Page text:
IF MY TRIP TO THE GROCERY STORE this morning is any indication, we are taking the situation much more seriously than we did two weeks ago, when I last visited.
Then, I rolled up about 5 minutes before the store opened and still made the first wave of 15 people to be allowed in. Today, I got there about 20 minutes early and was 17th in line, requiring a 20-minute wait.
Then, shoppers mostly paid lip service to social distancing, standing uncomfortably close while waiting in line. Today, the gaps were at least twice the recommended 6 feet.
Then, about half of shoppers wore masks. Today, it was all of us, with the exception of the guy in front me in line, who at least had a scarf covering his face. Of course, lest you think that everyone in southeastern Pennsylvania has embraced science and the expertise of biomedical professionals, when I encountered Scarf Guy inside the store, his face was uncovered.
As happens often, if not always, this crisis has brought out our best and our worst. Healthcare workers are literally risking their lives daily, and so many people have stepped up with uncommon charity and generosity. Yet the brazen, depressing selfishness of others seems equally prevalent. From spring breakers and bar hoppers who didn’t want the party to stop, to megachurch shysters insisting their worshippers praise Jesus in person, to runners breaking into parks to log their miles with friends, a shockingly large number of people have been putting others at great risk of debilitating and possibly fatal illness.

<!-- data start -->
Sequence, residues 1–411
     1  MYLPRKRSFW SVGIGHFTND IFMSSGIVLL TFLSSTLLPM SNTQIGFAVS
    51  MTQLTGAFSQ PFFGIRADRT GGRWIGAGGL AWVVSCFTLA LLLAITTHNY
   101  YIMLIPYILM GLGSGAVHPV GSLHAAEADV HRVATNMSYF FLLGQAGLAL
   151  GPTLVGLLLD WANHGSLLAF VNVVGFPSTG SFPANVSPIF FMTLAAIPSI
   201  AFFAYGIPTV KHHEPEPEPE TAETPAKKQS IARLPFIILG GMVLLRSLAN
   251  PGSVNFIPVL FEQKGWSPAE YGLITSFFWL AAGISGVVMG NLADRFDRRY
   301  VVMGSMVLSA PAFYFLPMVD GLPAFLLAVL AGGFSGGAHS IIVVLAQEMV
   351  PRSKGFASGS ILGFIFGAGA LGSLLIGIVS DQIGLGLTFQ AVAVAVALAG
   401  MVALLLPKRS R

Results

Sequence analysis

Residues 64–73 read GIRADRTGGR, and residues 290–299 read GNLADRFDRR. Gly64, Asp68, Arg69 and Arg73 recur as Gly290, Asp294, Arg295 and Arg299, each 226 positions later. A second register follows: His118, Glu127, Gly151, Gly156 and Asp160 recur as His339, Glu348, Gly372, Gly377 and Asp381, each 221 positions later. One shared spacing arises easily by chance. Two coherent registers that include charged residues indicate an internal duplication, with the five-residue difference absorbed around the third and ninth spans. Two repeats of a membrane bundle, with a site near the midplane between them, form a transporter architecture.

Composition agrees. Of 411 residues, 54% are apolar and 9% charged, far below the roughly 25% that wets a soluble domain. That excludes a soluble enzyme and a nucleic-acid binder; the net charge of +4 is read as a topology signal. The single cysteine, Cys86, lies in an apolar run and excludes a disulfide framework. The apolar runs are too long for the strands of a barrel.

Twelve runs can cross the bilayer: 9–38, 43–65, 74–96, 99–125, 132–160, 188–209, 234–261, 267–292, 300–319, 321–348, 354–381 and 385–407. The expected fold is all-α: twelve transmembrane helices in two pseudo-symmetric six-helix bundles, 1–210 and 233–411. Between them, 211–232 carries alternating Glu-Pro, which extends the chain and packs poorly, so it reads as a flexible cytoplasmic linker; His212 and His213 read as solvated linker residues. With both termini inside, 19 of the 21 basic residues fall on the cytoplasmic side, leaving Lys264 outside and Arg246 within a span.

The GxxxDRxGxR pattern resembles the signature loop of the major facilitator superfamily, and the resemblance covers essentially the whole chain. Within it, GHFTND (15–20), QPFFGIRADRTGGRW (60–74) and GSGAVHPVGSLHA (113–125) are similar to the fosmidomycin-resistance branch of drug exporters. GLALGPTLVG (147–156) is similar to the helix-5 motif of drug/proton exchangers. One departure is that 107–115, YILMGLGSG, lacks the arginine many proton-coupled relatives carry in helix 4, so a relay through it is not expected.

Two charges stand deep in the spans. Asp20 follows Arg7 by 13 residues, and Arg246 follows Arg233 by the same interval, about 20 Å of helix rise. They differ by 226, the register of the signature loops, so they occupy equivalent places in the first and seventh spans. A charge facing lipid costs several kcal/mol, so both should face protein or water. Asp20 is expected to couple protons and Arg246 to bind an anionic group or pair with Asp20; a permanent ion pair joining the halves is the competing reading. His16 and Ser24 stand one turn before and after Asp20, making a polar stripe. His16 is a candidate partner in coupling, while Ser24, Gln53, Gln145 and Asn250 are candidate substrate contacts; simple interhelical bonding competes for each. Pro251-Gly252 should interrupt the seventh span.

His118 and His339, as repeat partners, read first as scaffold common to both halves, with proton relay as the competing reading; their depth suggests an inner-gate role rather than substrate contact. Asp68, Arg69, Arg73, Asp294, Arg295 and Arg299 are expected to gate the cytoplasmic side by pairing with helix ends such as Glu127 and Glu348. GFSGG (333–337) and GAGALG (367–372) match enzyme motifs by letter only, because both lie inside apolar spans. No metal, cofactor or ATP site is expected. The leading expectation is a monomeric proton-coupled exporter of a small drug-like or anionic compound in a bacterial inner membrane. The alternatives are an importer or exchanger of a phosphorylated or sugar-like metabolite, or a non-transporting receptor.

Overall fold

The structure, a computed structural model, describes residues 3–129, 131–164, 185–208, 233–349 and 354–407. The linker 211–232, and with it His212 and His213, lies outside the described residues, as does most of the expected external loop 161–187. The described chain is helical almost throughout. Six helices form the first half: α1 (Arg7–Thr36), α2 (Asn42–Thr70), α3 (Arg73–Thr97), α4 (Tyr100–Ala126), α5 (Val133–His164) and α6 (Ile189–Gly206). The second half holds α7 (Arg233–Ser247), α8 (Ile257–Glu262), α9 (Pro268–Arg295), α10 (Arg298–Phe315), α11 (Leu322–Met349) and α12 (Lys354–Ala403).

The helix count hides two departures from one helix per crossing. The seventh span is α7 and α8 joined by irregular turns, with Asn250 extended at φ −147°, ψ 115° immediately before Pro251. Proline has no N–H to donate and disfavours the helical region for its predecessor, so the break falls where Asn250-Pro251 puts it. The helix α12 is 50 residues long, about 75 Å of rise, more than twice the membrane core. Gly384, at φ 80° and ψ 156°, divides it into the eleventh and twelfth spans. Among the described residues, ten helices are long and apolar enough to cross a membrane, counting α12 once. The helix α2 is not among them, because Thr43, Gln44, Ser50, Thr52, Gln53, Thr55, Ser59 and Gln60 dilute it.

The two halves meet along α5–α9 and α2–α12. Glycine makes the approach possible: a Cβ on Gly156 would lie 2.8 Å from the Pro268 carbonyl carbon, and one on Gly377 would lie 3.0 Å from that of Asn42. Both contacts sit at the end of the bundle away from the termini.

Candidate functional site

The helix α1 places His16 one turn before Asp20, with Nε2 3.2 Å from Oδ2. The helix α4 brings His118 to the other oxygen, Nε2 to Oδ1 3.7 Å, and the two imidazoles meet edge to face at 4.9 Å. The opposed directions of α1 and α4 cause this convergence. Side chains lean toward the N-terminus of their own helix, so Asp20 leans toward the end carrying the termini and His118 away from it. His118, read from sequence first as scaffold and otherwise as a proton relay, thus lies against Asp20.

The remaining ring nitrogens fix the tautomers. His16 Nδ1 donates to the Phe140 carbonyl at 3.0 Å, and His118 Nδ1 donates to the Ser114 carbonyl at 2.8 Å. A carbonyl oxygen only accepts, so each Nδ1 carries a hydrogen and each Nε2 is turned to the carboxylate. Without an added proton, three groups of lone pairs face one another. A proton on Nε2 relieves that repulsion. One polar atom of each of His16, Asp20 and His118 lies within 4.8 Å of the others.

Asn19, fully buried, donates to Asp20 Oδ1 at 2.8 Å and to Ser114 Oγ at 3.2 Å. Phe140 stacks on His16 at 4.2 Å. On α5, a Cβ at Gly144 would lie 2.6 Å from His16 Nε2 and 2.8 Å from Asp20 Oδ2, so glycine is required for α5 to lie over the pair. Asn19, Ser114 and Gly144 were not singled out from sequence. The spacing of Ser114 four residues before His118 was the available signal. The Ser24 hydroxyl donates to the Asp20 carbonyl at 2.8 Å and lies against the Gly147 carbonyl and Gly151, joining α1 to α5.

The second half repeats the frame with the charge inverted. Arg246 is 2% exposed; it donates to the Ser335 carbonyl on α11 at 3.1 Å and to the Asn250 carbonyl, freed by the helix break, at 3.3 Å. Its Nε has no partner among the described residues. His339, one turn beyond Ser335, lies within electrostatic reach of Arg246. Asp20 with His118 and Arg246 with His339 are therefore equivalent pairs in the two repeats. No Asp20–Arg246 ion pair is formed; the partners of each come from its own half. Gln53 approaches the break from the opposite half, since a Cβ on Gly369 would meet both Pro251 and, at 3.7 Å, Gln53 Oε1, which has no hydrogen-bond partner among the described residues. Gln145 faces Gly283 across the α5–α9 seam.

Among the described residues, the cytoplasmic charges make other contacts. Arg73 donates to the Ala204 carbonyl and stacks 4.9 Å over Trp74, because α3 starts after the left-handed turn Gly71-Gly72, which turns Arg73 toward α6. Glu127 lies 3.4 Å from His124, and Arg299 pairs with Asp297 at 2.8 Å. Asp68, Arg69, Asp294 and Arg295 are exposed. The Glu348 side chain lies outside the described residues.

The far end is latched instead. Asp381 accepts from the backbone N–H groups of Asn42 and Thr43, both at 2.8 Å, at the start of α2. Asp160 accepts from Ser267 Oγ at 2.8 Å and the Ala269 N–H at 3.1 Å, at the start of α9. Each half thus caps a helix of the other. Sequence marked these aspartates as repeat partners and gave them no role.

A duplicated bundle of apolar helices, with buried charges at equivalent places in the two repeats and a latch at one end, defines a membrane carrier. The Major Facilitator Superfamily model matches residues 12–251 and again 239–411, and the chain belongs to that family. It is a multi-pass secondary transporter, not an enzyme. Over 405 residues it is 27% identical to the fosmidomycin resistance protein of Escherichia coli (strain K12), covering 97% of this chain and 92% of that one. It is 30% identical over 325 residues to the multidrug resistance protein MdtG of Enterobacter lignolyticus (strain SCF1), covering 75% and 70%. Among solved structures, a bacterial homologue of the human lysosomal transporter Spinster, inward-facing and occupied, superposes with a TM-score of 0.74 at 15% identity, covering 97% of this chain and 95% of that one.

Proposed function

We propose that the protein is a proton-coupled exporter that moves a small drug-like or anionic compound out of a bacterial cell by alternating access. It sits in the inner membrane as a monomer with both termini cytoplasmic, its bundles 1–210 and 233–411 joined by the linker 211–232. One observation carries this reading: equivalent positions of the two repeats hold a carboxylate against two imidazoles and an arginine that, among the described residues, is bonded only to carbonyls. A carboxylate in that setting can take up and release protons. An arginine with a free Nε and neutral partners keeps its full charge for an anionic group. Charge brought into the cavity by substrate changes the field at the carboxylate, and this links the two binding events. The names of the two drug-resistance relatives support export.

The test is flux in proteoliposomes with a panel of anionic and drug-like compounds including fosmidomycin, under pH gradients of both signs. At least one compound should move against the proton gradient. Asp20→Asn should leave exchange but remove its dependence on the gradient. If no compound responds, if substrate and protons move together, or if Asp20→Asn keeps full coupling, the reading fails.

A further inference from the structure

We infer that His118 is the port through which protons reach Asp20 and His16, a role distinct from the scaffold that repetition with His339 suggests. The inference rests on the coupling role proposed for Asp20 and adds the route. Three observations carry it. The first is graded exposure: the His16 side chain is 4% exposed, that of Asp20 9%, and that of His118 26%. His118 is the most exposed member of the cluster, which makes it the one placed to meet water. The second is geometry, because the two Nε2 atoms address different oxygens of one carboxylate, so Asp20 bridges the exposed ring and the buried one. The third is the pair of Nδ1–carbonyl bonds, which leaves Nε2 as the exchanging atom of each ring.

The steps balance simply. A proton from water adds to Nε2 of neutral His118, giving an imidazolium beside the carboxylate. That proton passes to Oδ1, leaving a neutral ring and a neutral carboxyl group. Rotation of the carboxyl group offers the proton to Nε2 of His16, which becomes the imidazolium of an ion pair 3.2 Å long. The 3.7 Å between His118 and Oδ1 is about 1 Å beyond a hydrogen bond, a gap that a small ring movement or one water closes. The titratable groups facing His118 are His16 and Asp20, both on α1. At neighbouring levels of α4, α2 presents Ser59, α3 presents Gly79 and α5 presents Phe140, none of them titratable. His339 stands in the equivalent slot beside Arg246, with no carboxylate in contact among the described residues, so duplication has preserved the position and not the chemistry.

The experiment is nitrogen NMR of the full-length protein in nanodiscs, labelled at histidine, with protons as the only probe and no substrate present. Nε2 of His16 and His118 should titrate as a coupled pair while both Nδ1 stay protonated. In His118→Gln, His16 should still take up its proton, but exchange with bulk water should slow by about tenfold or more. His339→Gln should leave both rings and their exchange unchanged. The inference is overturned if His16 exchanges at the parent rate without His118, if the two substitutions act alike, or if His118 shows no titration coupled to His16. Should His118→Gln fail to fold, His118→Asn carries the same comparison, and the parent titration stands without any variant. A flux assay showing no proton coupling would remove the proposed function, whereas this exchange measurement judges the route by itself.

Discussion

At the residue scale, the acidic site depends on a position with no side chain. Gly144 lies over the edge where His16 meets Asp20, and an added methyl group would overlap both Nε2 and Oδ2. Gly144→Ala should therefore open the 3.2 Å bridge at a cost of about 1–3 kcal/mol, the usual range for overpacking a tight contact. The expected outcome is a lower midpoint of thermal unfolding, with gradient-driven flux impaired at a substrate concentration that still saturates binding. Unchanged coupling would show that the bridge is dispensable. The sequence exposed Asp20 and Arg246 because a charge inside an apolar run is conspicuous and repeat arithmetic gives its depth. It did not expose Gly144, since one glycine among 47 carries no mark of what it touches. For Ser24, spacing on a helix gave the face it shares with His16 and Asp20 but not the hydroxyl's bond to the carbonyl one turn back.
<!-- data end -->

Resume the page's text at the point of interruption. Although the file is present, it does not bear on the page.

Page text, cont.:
That’s to say nothing of the continued incompetence, stupidity, and corruption of the federal government, whose botched handling of this from the earliest days has caused vast amounts of unnecessary suffering and needless deaths. I have to force myself every day not to dwell on this, because the rage simmering within me at this evil — and that’s what it is — would be all-consuming were it to come to a boil.
Anyway. The sample size I’m describing here is far too small to draw any large conclusions. But what I saw in line and in the store was encouraging, and these days we need all the encouragement we can get. | DL